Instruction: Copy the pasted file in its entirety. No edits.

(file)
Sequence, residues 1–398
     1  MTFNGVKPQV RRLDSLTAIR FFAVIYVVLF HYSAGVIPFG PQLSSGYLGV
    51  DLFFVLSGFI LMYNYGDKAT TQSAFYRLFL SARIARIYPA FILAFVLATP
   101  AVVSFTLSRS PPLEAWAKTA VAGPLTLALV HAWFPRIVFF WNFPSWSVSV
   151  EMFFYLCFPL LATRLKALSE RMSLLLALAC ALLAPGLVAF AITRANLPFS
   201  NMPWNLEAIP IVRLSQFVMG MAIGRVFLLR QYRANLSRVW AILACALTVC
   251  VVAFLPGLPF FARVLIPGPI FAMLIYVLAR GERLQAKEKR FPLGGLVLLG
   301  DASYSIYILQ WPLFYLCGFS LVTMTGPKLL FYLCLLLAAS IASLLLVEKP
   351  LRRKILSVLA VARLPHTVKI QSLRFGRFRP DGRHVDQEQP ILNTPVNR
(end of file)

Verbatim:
Sequence, residues 1–398
     1  MTFNGVKPQV RRLDSLTAIR FFAVIYVVLF HYSAGVIPFG PQLSSGYLGV
    51  DLFFVLSGFI LMYNYGDKAT TQSAFYRLFL SARIARIYPA FILAFVLATP
   101  AVVSFTLSRS PPLEAWAKTA VAGPLTLALV HAWFPRIVFF WNFPSWSVSV
   151  EMFFYLCFPL LATRLKALSE RMSLLLALAC ALLAPGLVAF AITRANLPFS
   201  NMPWNLEAIP IVRLSQFVMG MAIGRVFLLR QYRANLSRVW AILACALTVC
   251  VVAFLPGLPF FARVLIPGPI FAMLIYVLAR GERLQAKEKR FPLGGLVLLG
   301  DASYSIYILQ WPLFYLCGFS LVTMTGPKLL FYLCLLLAAS IASLLLVEKP
   351  LRRKILSVLA VARLPHTVKI QSLRFGRFRP DGRHVDQEQP ILNTPVNR